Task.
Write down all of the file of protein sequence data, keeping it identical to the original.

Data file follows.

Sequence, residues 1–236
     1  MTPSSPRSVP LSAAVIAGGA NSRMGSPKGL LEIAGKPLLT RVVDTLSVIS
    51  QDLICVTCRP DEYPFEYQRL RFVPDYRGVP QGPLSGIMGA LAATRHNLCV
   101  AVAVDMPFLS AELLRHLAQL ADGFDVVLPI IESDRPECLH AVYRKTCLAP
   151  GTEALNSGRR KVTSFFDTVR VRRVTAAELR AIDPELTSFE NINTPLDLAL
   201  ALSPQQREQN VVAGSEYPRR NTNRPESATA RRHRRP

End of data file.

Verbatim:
Sequence, residues 1–236
     1  MTPSSPRSVP LSAAVIAGGA NSRMGSPKGL LEIAGKPLLT RVVDTLSVIS
    51  QDLICVTCRP DEYPFEYQRL RFVPDYRGVP QGPLSGIMGA LAATRHNLCV
   101  AVAVDMPFLS AELLRHLAQL ADGFDVVLPI IESDRPECLH AVYRKTCLAP
   151  GTEALNSGRR KVTSFFDTVR VRRVTAAELR AIDPELTSFE NINTPLDLAL
   201  ALSPQQREQN VVAGSEYPRR NTNRPESATA RRHRRP